President Donald Trump suggested Thursday that his unfettered tweeting was helpful to American foreign policy.
“Social media is the way to go. I’ve got over 100 million people watching,” he told reporters while in New York, adding that social media is “a fast way of getting the word out.”
But what kind of word is getting out?
From his days tweeting as a private citizen before declaring as a Republican primary candidate in 2015 till after he was sworn in on Jan. 20, 2017, Trump has been prolifically commenting on world affairs and U.S. foreign policy in 140 characters or less.
As with his position on a host of other subjects, his stance on different aspects of foreign policy has shifted. To be sure, people’s views do change over time, but Trump the citizen held remarkably divergent beliefs from Trump the president.
In 2013, Trump called a mooted militarily intervention in Syria “a polititian’s [sic] war” and mocked the country’s situation with reference to Obamacare. But in April 2017, President Trump hurled 59 cruise missiles at the country, as a punitive move for the Assad regime’s used of suspected chemical weapons.
As President, he has repeatedly used the social media platform to demand Mexico pay for his proposed wall on the southern U.S. border. In the first week of his assuming office, Trump suggested on Twitter that a scheduled meeting from his Mexican counterpart be canceled over the country’s staunch refusal to pay for the wall — only to have Enrique Peña Nieto announce, also via Twitter, that he would not make the trip.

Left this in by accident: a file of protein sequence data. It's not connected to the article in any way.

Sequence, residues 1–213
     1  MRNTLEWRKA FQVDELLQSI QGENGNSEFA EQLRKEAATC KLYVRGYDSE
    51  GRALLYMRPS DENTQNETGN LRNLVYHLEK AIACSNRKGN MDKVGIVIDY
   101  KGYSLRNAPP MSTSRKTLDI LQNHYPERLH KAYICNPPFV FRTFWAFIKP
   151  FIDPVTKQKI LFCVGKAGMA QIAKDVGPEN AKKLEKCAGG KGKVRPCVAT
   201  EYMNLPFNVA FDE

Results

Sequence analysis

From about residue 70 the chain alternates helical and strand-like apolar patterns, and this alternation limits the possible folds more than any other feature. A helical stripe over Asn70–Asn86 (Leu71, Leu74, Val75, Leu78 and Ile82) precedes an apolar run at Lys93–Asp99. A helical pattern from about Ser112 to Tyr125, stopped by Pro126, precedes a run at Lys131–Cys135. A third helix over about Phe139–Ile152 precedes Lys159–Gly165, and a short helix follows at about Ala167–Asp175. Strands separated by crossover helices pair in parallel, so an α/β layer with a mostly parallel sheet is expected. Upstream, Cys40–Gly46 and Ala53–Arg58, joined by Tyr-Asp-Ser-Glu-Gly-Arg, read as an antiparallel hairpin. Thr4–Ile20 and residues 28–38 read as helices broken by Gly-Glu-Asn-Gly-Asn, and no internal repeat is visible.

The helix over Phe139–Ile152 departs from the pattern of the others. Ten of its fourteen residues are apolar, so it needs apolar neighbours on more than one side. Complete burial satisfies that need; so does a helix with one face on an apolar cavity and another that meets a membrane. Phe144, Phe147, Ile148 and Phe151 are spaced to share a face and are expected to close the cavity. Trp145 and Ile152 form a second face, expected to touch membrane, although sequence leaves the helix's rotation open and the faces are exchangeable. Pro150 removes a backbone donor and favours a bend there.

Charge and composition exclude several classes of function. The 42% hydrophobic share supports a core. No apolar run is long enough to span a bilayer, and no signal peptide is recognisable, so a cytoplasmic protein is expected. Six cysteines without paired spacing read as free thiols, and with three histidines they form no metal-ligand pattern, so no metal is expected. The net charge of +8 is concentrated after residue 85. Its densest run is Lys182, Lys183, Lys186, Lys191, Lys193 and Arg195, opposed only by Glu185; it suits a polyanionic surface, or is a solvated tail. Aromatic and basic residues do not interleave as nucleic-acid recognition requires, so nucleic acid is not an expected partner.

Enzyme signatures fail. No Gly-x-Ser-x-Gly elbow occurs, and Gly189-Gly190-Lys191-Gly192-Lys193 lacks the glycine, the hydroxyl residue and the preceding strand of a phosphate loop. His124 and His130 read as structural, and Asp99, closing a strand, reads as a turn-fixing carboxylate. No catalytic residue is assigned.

Meanwhile, Trump said German chancellor Angela Merkel, with whom he appeared to have opted not to shake hands during their meeting in the Oval Office, was doing a “fantastic job” in a 2013 tweet.
But in an August 2016 campaign speech, he compared cast both rival Hillary Clinton and Angela Merkel in a very unfavorable light. “Hillary Clinton wants to be America’s Angela Merkel, and you know what a disaster this massive immigration has been to Germany and the people of Germany,” he said.
Trump also had more than a few complaints about Saudi Arabia before stepping into politics full-time.
The oil-rich kingdom is now the first stop on Trump’s initial foreign trip as president — a highly significant reflection of the importance his administration places on relations with a long-standing and valued ally.